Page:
Healthcare News

Climate Change Threat To Food And Water Supplies

February 20, 2017

Scientists from the world's leading industrial countries have warned of dire consequences, particularly for developing countries, unless action is taken to adapt to threats to food and water supplies now and in the future.

The national academies of science from the G8 nations, including the Royal Society, along with Brazil, China, India, Mexico and South Africa have issued a statement on climate change adaptation and the transition to a low carbon society. In the statement are set out key issues that must be addressed at the G8 Summit in July.

Martin Rees, President of the Royal Society said: "Food and water shortages are now a dangerous reality particularly in many developing countries. In the coming years, they will be aggravated by rising populations, and climate change. These threats must be properly assessed and solutions identified if we are to avoid costly mistakes from investing in technologies and infrastructure that do not take climate change into account."

Alongside the need for adaptation to the changes being wrought by climate change, the statement has also highlighted the need for concrete action to reduce greenhouse gas emissions. Central to this is a call for governments to agree, by 2009, a timetable, funding and a coordinated plan for the construction of a significant number of carbon capture and storage demonstration plants.

Martin Rees continued: "Coal will continue to be one of the world's primary energy sources for the next 50 years. If coal burning power plants and industries continue to pump out carbon dioxide unabated we face a growing risk of triggering a dangerous and irreversible change in the climate. Techniques for carbon capture and storage must therefore be developed urgently. So much is at stake that current efforts are quite inadequate. The nations at the G8 summit should commit themselves to a much expanded and coordinated programme. The sooner this technology can be proven and widely adopted, and annual carbon dioxide emissions stopped from rising, the lower the risk of catastrophic climate change."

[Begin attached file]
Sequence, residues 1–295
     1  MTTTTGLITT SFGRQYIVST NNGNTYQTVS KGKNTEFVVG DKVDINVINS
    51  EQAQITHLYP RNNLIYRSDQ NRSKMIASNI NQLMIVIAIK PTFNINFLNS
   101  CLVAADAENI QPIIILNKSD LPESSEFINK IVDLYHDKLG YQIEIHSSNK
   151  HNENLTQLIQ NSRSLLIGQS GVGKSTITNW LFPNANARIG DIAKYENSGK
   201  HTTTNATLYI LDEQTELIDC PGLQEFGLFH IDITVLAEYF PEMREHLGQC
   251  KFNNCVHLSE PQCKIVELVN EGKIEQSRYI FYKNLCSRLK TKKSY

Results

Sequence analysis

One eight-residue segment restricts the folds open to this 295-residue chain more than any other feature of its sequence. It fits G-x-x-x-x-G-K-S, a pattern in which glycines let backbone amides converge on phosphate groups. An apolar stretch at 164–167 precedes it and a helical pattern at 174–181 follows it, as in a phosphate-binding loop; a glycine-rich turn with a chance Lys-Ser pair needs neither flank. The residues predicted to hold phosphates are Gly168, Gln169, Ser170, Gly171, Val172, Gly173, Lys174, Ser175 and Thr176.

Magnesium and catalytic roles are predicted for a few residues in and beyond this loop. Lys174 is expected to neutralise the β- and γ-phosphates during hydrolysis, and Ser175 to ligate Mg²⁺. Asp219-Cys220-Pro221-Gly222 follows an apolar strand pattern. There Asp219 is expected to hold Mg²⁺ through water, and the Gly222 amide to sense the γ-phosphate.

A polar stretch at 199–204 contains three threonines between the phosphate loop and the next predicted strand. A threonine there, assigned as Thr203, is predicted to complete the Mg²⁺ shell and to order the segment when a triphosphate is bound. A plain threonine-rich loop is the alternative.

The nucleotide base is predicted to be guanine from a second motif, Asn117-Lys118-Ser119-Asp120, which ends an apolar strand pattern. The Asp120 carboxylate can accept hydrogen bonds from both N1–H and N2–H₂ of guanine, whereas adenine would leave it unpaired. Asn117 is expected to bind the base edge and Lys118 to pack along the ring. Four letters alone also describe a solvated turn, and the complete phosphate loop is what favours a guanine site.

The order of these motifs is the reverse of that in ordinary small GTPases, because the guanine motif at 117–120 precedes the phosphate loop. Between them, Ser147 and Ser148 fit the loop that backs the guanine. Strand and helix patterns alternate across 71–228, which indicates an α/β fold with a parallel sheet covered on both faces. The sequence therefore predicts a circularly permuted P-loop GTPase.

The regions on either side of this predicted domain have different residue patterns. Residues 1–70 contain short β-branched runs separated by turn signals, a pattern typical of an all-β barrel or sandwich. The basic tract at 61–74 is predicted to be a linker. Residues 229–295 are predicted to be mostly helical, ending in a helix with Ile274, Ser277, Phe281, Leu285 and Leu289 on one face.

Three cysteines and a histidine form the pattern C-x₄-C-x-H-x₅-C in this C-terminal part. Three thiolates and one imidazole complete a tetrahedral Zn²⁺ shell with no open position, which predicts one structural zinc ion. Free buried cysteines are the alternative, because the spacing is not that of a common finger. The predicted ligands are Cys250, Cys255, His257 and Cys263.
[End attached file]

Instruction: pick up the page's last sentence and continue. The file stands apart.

The statement, delivered to the Japanese Government which is hosting the next G8 meeting on July 7-9, also highlights the need for governmental action to:

- Improve the ability to predict and adapt to climate change impacts, particularly in the developing world

- Put in place economic and policy measures to accelerate transition to a low-carbon society with action at an individual and national level

- Support and invest in a range of technologies which can aid in greenhouse gas reduction and in adapting to climate change and make sure these technologies are made available to the developing world.

Key vulnerabilities to climate change are outlined in the statement and include water resources, food supply, health, coastal settlements and ecosystems such as the arctic, the tundra, the alps and coral reefs. The geographical regions most likely to suffer from climate change are Africa, the densely populated Asian mega deltas, the Arctic and small islands.

The scientists believe that the long term goal must be to stabilise the climate. This requires that greenhouse gas emissions be limited to the net absorption capacity of the earth, which is less than half of current emissions.

The Academies have also presented a statement on global health issues. This stresses the need for greater international collaboration and coordination on health issues such as water, sanitation, hygiene, food safety, access to medical information and treatments and training for health professionals.

Read the 2008 statement 'Climate change adaptation and the transition to a low carbon society' here.

Royal Society